Los Angeles County recently released a long-awaited draft of its LA River Master Plan, which includes the implementation of an open space and improved flood protection. River LA Executive Director, Ed Reyes, shares the history of the river and how to reimagine its role within the communities along the corridor.
LA River’s Glendale Narrows| Photo by Lila Higgins
Reimagining the LA River with residents’ input
KCRW | Audio:Greater L.A. Podcast | February 23, 2021
The 51-mile LA River meanders from Canoga Park, through the San Fernando Valley and downtown LA, and out to sea in Long Beach.
After devastating floods in the 1800s and early 1900s, the Army Corps of Engineers turned most of it into a concrete channel. In some northern sections, it’s barely more than a trickle most of the year, but it picks up water as it moves south. Efforts have been growing to revitalize stretches of it by reintroducing rocks, trees, river banks, and living organisms.
“You have a river that's been encased in cement,” says Ed Reyes, Executive Director of River LA, a nonprofit dedicated to the future of the river. “There's been a lot of activity as to how we could rejuvenate this corridor.”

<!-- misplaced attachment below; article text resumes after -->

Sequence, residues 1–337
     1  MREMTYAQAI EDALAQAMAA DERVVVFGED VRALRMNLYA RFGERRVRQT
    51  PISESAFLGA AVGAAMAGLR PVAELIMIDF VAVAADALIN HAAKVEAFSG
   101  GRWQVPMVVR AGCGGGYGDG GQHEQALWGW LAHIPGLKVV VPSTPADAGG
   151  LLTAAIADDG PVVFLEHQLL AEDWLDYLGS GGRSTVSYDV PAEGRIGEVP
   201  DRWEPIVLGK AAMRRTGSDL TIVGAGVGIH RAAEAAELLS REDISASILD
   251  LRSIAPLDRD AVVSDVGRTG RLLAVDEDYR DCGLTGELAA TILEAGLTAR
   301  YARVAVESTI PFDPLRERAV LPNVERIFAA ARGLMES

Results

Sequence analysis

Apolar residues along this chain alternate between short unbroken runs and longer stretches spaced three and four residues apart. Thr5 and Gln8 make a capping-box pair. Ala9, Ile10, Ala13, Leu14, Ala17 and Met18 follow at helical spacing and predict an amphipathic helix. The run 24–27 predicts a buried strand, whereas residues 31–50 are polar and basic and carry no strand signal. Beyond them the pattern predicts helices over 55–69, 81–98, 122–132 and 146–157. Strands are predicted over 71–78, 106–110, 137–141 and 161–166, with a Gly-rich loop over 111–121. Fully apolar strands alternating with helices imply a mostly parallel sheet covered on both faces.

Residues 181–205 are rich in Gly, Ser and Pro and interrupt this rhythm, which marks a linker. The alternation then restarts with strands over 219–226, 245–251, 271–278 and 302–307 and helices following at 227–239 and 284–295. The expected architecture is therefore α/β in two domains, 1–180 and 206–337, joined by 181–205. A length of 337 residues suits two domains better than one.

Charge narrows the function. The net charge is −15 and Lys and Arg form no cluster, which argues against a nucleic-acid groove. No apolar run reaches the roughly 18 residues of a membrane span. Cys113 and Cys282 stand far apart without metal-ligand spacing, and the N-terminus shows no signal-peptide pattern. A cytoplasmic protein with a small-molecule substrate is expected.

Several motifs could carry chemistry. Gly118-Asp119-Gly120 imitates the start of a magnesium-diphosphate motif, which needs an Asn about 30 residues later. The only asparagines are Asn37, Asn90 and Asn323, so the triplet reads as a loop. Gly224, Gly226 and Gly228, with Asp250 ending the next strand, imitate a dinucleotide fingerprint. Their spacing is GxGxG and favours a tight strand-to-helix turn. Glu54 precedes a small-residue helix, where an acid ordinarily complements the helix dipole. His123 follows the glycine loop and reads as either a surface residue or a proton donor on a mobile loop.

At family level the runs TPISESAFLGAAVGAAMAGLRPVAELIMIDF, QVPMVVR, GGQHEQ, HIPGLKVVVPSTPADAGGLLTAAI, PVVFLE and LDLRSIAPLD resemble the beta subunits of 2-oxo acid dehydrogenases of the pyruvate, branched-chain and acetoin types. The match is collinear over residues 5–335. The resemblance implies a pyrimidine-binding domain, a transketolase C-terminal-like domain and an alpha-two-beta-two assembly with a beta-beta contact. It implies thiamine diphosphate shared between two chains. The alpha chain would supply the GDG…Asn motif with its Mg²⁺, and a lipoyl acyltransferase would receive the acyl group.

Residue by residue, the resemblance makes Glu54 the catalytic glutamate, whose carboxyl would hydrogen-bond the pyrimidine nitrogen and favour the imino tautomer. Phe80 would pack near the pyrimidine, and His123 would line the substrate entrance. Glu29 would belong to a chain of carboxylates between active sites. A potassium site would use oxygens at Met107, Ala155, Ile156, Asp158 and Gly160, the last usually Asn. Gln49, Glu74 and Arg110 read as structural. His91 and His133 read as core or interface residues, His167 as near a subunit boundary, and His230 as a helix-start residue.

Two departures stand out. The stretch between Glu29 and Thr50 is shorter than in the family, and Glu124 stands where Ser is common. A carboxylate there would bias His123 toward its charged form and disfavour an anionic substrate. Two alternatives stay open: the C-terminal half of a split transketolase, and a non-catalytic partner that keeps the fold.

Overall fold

He and other organizers have synthesized their ideas into the LA River Master Plan, a list of actionable items that LA County residents can comment on until March 14.
Ed Reyes sits down with Steve Chiotakis along with fellow guest Elizabeth Alcantar,Vice mayor, Cudahy to discuss how the Master Plan can serve as the guide rails to tackle environmental social justice issues like climate change, stormwater harvesting, and recreation opportunities for underserved communities.
Listen to the Conversation here
Plan To Reimagine LA River Leads To Discussion On What Is Best For Surrounding Communities
KPPC | Radio Segment: AirTalk | February 23, 2021
The Master Plan draft represents a years long river revitalization effort resurrected in 2016 by Los Angeles County Supervisor Hilda Solis, who looked to build upon the original plan developed in 1996.
The master plan was meant to assist with the development of projects near the river bank, such as parks and bikeways. After the 1938 Los Angeles flood devastated much of the area’s surrounding communities, millions of barrels of concrete were used to make the 51-mile long river channel that we see today.
Larry Mantle speaks to Ed Reyes about the future of the river along with fellow guests:
- Mark Pestrella, director of public works for Los Angeles County
- Jessica Prieto, community stability policy organizer for East Yard Communities for Environmental Justice
- Marissa Christiansen, president and CEO of Friends of the LA River (FoLAR)